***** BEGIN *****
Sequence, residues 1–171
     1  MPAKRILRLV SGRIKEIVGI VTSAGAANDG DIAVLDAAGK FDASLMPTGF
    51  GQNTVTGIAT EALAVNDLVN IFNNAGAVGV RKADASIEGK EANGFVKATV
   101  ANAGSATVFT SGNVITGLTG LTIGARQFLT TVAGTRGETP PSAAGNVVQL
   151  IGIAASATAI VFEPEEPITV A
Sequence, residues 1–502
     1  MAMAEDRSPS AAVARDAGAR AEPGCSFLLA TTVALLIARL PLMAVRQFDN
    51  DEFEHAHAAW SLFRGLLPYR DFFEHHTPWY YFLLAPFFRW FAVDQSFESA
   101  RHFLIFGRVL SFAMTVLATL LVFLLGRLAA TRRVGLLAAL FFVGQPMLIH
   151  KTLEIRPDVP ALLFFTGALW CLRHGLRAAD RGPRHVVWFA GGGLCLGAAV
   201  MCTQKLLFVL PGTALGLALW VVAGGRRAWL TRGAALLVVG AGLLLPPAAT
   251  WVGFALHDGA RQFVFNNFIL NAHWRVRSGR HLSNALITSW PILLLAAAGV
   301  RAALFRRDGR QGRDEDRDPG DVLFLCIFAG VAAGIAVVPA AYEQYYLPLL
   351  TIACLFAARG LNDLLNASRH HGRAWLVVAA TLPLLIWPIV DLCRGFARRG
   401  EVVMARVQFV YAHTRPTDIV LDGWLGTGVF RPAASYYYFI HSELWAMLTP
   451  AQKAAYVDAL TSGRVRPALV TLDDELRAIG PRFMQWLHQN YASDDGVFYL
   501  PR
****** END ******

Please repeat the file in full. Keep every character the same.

Sequence, residues 1–171
     1  MPAKRILRLV SGRIKEIVGI VTSAGAANDG DIAVLDAAGK FDASLMPTGF
    51  GQNTVTGIAT EALAVNDLVN IFNNAGAVGV RKADASIEGK EANGFVKATV
   101  ANAGSATVFT SGNVITGLTG LTIGARQFLT TVAGTRGETP PSAAGNVVQL
   151  IGIAASATAI VFEPEEPITV A
Sequence, residues 1–502
     1  MAMAEDRSPS AAVARDAGAR AEPGCSFLLA TTVALLIARL PLMAVRQFDN
    51  DEFEHAHAAW SLFRGLLPYR DFFEHHTPWY YFLLAPFFRW FAVDQSFESA
   101  RHFLIFGRVL SFAMTVLATL LVFLLGRLAA TRRVGLLAAL FFVGQPMLIH
   151  KTLEIRPDVP ALLFFTGALW CLRHGLRAAD RGPRHVVWFA GGGLCLGAAV
   201  MCTQKLLFVL PGTALGLALW VVAGGRRAWL TRGAALLVVG AGLLLPPAAT
   251  WVGFALHDGA RQFVFNNFIL NAHWRVRSGR HLSNALITSW PILLLAAAGV
   301  RAALFRRDGR QGRDEDRDPG DVLFLCIFAG VAAGIAVVPA AYEQYYLPLL
   351  TIACLFAARG LNDLLNASRH HGRAWLVVAA TLPLLIWPIV DLCRGFARRG
   401  EVVMARVQFV YAHTRPTDIV LDGWLGTGVF RPAASYYYFI HSELWAMLTP
   451  AQKAAYVDAL TSGRVRPALV TLDDELRAIG PRFMQWLHQN YASDDGVFYL
   501  PR